• This was done by specifying digital signatures as the means of authentication.
  • 16.
    • The defect in this approach is that the law is bound by a specific technology, which in due course of time may be proven weak.
    • The advantage of using a technology neutral approach is that if one technology is proven weak, others can be used without any legal complexities arising out of the issue.
  • 17.
    • An example of this is the MD5 hash algorithm that at one time was considered suitable.
    • MD5 was prescribed as suitable by Rule 6 of the Information Technology (Certifying Authorities) Rules, 2000 .
  • 18.
    • MD5 was subsequently proven weak by mathematicians.
    • In fact, Asian School of Cyber Laws had filed a public interest litigation in the Bombay High Court on the same issue.
  • 19.
    • Subsequently, the Information Technology (Certifying Authorities) Amendment Rules, 2009 amended the Rule 6 mentioned above.
    • MD5 was replaced by SHA-2.
  • 20.
    • The Information Technology (Amendment) Act, 2008 amends the technology dependent approach.
    • It introduces the concept of electronic signatures in addition to digital signatures.
  • 21.
    • Digital signatures are one type of technology coming under the wider term “electronic signatures”.
  • 22.
    • 1. based on the knowledge of the user or the recipient e.g. passwords, personal identification numbers (PINs)
    • 2. those based on the physical features of the user (e.g. biometrics)
    • 3. those based on the possession of an object by the user (e.g. codes or other information stored on a magnetic card).
  • 23.
    • Digital signatures within a public key infrastructure (PKI)
    • biometric devices
  • 24.
    • PINs
    • user-defined or assigned passwords,
    • scanned handwritten signatures,
    • signature by means of a digital pen,
    • clickable “OK” or “I accept” boxes.
  • 25.
    • Hybrid solution like combined use of passwords and secure sockets layer (SSL)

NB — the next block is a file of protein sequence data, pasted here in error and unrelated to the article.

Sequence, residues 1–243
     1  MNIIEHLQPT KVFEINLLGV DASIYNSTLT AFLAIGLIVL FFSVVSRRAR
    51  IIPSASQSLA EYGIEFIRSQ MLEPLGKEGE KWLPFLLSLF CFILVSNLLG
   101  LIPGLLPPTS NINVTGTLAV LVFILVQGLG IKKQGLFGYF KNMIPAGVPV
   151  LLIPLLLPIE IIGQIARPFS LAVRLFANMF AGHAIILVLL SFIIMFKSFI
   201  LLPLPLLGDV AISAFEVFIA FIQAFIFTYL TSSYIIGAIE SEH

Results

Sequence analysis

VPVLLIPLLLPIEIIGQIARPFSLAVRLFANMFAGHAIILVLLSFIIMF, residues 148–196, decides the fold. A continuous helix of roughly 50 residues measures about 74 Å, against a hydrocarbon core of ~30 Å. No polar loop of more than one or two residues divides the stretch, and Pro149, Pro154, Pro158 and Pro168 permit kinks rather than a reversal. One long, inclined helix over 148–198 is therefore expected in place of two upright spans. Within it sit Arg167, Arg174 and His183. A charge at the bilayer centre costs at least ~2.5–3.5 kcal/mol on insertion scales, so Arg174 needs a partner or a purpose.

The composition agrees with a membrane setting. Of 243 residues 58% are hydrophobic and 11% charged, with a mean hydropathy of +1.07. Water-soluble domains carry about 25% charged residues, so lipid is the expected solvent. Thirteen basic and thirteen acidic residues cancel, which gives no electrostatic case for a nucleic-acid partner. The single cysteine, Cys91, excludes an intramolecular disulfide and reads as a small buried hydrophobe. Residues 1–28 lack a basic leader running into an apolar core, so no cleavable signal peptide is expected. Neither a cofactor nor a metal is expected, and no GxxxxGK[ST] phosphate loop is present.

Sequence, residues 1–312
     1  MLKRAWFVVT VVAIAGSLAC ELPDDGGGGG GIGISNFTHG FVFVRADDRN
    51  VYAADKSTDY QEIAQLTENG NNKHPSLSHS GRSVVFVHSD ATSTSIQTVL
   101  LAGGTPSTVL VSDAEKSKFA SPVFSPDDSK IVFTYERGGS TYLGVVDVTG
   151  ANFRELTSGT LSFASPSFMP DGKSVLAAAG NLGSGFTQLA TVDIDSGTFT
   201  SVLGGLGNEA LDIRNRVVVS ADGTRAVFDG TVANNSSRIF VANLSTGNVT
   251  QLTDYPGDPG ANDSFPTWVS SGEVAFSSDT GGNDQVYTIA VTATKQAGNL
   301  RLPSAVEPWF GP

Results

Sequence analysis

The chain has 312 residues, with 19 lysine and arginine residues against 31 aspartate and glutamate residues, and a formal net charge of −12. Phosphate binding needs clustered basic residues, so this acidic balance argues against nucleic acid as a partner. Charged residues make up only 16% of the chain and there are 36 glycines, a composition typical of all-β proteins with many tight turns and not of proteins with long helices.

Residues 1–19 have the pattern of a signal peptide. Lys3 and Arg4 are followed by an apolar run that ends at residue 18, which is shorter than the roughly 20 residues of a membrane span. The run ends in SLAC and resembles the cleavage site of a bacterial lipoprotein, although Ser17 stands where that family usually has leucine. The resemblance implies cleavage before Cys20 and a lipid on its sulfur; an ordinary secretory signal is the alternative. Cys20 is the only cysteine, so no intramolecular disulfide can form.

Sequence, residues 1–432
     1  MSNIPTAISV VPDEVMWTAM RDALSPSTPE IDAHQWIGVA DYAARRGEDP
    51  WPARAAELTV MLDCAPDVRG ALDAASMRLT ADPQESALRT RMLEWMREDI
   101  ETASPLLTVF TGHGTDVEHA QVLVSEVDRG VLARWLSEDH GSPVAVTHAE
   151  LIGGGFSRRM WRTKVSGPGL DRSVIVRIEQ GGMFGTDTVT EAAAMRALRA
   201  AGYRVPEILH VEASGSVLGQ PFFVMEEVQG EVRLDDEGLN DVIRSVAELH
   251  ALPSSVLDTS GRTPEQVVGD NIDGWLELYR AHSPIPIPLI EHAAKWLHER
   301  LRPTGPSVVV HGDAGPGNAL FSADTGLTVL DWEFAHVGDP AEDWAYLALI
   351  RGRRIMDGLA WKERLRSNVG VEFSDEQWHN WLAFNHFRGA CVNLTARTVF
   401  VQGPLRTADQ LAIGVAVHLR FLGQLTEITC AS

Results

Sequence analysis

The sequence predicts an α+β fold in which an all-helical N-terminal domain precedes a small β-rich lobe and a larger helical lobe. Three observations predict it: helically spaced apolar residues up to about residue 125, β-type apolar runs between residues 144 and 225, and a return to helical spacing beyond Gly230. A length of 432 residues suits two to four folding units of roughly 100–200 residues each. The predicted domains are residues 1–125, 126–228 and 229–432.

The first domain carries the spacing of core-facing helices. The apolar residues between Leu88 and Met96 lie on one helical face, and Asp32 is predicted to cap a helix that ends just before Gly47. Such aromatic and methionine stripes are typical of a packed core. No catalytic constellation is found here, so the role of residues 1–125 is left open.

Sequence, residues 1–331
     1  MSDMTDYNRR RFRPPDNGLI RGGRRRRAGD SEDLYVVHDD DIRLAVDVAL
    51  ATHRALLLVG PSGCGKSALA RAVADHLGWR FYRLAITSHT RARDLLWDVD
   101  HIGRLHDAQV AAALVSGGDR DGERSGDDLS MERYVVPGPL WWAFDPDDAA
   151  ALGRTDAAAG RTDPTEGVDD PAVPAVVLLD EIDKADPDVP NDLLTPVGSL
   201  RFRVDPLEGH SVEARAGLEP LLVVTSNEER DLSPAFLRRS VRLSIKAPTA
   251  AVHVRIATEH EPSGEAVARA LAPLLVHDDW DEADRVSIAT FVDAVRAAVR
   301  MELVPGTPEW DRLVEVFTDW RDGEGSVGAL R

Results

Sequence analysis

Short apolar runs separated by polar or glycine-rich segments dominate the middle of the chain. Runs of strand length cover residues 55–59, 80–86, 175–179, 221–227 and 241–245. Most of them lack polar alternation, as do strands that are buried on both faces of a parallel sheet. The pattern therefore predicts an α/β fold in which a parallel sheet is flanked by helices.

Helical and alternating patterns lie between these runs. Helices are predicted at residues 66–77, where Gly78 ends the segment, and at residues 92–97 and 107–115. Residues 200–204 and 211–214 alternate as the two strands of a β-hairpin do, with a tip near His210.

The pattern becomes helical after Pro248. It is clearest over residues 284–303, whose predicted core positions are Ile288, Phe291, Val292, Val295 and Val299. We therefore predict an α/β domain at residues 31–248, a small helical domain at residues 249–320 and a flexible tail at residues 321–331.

• It is a technology using a mix of public and symmetric key encryptions.
  • 26.  
  • 27.
    • Fraudulently or dishonestly using someone else’s electronic signature, password or any other unique identification feature
    • 3 years jail and fine upto Rs 1 lakh.
    • New provision
  • 28.
    • Section 65
    • Conceal / destroy / alter source code
    • 3 years jail and / or fine upto Rs 2 lakh
    • Unchanged provision
  • 29.
    • Section 66
    • 3 years jail and / or fine upto 5 lakh
    • New provision
    • Replaces ‘hacking’
  • 30.
    • dishonestly or fraudulently:
      • accessing or securing access to a computer
      • downloading, copying or extracting data
      • computer contaminant or virus
      • damaging computer
      • disrupting computer
      • denial of access
  • 31.
    • dishonestly or fraudulently:
      • providing assistance to facilitate illegal access
      • computer fraud
      • destroying, deleting or altering or diminishing value or utility or affecting injuriously
      • stealing, concealing, destroying or altering computer source code
  • 32.
    • Section 66A
    • 3 years jail and fine
    • New provision
  • 33.
    • Covers following sent by sms / email:
      • grossly offensive
      • menacing
      • false information sent for causing annoyance, inconvenience, danger, obstruction, insult, injury, criminal intimidation, enmity, hatred or ill will
      • phishing, email spoofing
  • 34.
    • Email spoofing
    • SMS spoofing
    • Phishing
  • 35.  
  • 36.  
  • 37. Asian School of Cyber Laws